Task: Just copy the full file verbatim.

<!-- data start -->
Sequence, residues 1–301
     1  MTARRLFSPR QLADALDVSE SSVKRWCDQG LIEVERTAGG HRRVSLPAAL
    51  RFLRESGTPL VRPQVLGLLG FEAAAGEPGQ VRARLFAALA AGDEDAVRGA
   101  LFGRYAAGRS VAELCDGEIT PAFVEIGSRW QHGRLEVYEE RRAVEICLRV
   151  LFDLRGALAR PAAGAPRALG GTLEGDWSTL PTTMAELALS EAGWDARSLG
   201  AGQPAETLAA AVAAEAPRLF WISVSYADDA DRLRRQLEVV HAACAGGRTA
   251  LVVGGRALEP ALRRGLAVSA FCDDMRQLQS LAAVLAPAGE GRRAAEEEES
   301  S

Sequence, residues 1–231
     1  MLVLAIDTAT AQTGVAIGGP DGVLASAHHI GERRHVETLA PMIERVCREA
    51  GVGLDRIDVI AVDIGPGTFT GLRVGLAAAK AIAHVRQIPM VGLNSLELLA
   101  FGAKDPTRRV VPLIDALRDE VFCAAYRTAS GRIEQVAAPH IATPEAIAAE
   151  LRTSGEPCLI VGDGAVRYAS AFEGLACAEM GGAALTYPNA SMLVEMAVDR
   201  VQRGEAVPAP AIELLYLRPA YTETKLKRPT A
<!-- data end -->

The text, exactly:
Sequence, residues 1–301
     1  MTARRLFSPR QLADALDVSE SSVKRWCDQG LIEVERTAGG HRRVSLPAAL
    51  RFLRESGTPL VRPQVLGLLG FEAAAGEPGQ VRARLFAALA AGDEDAVRGA
   101  LFGRYAAGRS VAELCDGEIT PAFVEIGSRW QHGRLEVYEE RRAVEICLRV
   151  LFDLRGALAR PAAGAPRALG GTLEGDWSTL PTTMAELALS EAGWDARSLG
   201  AGQPAETLAA AVAAEAPRLF WISVSYADDA DRLRRQLEVV HAACAGGRTA
   251  LVVGGRALEP ALRRGLAVSA FCDDMRQLQS LAAVLAPAGE GRRAAEEEES
   301  S

Sequence, residues 1–231
     1  MLVLAIDTAT AQTGVAIGGP DGVLASAHHI GERRHVETLA PMIERVCREA
    51  GVGLDRIDVI AVDIGPGTFT GLRVGLAAAK AIAHVRQIPM VGLNSLELLA
   101  FGAKDPTRRV VPLIDALRDE VFCAAYRTAS GRIEQVAAPH IATPEAIAAE
   151  LRTSGEPCLI VGDGAVRYAS AFEGLACAEM GGAALTYPNA SMLVEMAVDR
   201  VQRGEAVPAP AIELLYLRPA YTETKLKRPT A